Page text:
All up weight is the same as Nikon EDG 8x42 and this time it is hard to discern any differences in their views, with exactly the same immersively wide ("7.7") degrees, the same killer sharpness, much the same contrast, and flat field. Indeed the manual states "...produce(s) a perfect flat image..." and on the box is "Refined 5 element eyepieces". The Sherman might have the slightest yellow cast and not quite such good edges contrast or clarity but none of this was convincing and may have been down to prejudice. Obviously quite an accolade, while there is not much to complain about.
 
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yarrellii

Well-known member
Supporter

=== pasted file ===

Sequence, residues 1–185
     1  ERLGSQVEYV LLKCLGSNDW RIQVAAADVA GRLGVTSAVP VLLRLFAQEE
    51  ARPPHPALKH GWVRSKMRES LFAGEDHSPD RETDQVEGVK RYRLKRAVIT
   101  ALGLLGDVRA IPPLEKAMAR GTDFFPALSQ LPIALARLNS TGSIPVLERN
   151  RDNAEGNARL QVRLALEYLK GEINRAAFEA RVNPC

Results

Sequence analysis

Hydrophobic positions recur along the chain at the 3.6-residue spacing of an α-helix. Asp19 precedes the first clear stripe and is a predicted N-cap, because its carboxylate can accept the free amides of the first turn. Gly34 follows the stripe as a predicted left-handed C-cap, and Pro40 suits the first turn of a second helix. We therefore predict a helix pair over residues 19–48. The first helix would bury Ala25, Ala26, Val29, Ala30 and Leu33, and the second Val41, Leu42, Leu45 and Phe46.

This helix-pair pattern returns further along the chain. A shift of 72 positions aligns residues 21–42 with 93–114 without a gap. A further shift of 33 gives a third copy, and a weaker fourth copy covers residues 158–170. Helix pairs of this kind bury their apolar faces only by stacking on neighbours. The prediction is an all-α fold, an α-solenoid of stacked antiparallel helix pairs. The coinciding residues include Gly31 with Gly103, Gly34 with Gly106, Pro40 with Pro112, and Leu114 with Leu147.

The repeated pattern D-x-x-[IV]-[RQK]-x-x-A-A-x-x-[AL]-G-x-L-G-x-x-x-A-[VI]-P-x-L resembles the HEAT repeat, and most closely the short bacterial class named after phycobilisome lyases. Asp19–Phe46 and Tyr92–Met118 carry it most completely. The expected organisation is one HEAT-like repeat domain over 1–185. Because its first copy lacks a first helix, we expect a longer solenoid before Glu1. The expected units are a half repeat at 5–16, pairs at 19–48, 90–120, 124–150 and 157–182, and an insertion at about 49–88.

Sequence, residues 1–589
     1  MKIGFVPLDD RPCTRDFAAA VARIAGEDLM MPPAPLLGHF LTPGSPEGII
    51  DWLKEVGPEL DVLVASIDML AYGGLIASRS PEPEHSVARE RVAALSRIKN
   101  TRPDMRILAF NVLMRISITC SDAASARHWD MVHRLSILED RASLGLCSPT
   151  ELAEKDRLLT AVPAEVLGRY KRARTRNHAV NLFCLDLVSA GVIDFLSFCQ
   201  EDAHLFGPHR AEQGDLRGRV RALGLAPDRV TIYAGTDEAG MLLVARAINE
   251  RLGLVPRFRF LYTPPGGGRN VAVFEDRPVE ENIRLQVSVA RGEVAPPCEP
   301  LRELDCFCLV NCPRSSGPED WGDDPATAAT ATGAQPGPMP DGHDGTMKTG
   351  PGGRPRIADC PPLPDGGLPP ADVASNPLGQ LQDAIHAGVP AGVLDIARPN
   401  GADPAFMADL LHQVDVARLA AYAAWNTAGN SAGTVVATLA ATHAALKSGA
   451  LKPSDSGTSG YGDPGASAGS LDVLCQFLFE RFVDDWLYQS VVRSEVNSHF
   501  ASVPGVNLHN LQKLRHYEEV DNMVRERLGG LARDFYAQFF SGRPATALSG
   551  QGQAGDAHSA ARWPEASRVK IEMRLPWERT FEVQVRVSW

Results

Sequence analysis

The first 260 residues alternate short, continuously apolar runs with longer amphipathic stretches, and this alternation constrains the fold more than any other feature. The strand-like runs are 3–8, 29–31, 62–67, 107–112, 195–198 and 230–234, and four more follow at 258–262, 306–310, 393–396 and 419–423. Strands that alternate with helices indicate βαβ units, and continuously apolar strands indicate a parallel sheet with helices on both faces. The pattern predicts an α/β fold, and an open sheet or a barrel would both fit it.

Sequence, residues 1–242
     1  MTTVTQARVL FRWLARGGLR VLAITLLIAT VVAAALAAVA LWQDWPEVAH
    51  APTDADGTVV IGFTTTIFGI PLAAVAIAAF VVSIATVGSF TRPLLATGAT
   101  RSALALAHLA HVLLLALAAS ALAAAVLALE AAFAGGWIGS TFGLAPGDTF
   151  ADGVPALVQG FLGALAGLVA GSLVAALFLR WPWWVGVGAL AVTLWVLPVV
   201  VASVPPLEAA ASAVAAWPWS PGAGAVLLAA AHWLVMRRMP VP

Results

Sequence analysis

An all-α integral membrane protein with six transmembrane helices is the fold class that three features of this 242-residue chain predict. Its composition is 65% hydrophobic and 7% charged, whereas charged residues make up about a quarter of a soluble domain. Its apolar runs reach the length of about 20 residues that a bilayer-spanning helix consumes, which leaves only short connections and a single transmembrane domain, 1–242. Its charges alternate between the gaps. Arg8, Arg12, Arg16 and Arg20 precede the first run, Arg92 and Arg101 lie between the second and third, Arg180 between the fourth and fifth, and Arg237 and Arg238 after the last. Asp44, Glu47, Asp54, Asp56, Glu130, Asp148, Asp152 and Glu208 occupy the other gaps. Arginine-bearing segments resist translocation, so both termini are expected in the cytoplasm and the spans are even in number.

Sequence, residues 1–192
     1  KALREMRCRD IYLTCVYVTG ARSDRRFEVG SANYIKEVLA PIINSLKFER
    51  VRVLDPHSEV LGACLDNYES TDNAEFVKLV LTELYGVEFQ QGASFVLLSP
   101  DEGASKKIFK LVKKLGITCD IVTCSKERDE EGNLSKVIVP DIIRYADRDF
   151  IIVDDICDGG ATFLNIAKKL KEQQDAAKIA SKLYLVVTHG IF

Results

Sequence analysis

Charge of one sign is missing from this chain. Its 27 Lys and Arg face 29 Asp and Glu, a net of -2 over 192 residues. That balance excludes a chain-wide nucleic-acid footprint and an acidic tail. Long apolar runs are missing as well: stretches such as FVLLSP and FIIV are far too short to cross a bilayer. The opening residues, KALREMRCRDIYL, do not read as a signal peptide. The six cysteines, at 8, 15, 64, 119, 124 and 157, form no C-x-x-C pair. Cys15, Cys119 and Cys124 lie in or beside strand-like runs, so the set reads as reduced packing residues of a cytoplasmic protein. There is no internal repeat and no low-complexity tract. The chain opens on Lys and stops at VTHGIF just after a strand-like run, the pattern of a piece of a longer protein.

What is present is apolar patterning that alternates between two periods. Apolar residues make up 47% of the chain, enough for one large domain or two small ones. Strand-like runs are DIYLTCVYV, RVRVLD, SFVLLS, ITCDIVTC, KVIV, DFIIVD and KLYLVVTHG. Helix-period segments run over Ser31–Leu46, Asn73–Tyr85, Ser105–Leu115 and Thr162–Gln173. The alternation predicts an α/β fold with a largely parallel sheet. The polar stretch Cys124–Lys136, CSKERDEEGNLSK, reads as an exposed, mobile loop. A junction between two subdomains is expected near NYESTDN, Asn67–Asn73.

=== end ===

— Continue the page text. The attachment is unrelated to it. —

Chris, interesting about the new (old?) one being black. Never seen a black Sherman Pro (in any picture, I mean). Really keen to try a Sherman Pro. I'm still deciding whether to go for the big 10x50 or one of the smaller siblings. Thanks for the update, really interesting binoculars.
 

chris6

Well-known member
Yes the new one is black. I have always suffered the usual quandaries over magnification and objective size, while the physical size comes into it too. I like the size of 32mm but get a much easier view with 42mm and have decided that 8x is indeed the happy medium. No surprise there then...but to me, whatever the definition, it never quite seems enough, so maybe that is the nub of it.